“The “Can you hear me now?” guy may be endorsing Sprint instead of Verizon these days. But Verizon is the one that’s getting a much better reception from Wall Street.
Can that last if Verizon winds up scooping up troubled Yahoo though?
Verizon stock has surged 17% this year. That makes it the third best performer in the Dow, only slightly behind UnitedHealth and Exxon Mobil.
Verizon has done better than wireless rivals Sprint and T-Mobile as well as cable kingComcast. It is slightly lagging that of its former parent AT&T though.
Why are investors so enamored with Verizon? The big reason is that the company pays a juicy dividend — which yields 4.2%.
That makes “Big Red” (as well as Ma Bell, which yields 4.7%) attractive to conservative investors worried about a sluggish global economy and a possible Brexit in Europe who crave a higher yield than what you can get from government bonds.
The 10-Year U.S. Treasury has a rate of just 1.68%. Yields in Germany recently dipped below zero, joining Japan and Switzerland in the negative rate club.
So it’s understandable why investors desperate for any sort of income would like Verizon. But that’s not the only thing the company has going for it.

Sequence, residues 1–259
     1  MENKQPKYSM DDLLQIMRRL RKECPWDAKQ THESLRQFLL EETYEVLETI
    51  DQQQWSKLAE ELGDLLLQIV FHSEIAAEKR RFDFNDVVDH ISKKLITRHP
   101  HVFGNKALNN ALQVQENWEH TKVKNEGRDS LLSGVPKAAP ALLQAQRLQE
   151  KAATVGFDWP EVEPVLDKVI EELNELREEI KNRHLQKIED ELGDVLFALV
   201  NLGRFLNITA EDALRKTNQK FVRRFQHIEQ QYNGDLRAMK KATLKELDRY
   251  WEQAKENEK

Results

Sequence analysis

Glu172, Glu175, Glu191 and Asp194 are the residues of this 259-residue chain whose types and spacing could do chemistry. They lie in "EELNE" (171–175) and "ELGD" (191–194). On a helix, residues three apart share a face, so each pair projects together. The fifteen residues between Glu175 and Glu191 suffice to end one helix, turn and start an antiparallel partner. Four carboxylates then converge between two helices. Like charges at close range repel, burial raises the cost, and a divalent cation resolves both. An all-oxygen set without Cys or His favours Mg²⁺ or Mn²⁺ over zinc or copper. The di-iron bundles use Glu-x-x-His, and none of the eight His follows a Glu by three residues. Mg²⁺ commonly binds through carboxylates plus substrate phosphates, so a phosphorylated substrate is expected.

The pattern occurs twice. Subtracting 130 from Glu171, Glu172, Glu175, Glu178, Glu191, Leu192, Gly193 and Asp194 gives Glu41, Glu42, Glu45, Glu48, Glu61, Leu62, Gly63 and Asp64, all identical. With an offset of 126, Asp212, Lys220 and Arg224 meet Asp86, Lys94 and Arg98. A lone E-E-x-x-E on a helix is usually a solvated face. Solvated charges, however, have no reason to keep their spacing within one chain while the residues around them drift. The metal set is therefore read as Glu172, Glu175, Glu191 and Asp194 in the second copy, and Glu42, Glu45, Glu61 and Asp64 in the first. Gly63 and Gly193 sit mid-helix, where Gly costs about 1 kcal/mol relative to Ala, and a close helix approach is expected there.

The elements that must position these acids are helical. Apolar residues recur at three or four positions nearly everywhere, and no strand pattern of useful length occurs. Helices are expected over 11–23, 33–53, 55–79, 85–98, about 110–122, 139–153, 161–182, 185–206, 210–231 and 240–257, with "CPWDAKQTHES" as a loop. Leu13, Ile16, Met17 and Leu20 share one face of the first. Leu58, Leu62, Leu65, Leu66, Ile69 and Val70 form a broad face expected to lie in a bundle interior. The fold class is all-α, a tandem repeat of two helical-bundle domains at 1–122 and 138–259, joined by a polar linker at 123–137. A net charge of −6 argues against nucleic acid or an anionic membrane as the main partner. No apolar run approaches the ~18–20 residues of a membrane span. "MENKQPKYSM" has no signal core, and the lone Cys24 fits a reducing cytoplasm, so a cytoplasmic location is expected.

Verizon recently settled a labor dispute with striking landline workers. That should allay some fears investors had about the possibility that Verizon would fall behind in new customer installations for its FiOS TV and phone service.
But the damage may already be done. Verizon’s CEO and CFO both warned that results for the second quarter could be hurt by the strike. Analysts responded by cutting their earnings forecasts for the quarter and full year in the past month.
That’s a bad sign considering that Verizon isn’t the most dynamic of companies to begin with. Earnings are only expected to increase by about 3% a year, on average, for the next few years. Sales are barely budging at all as well.
And that’s why the possible Yahoo acquisition could be a problem for Verizon.”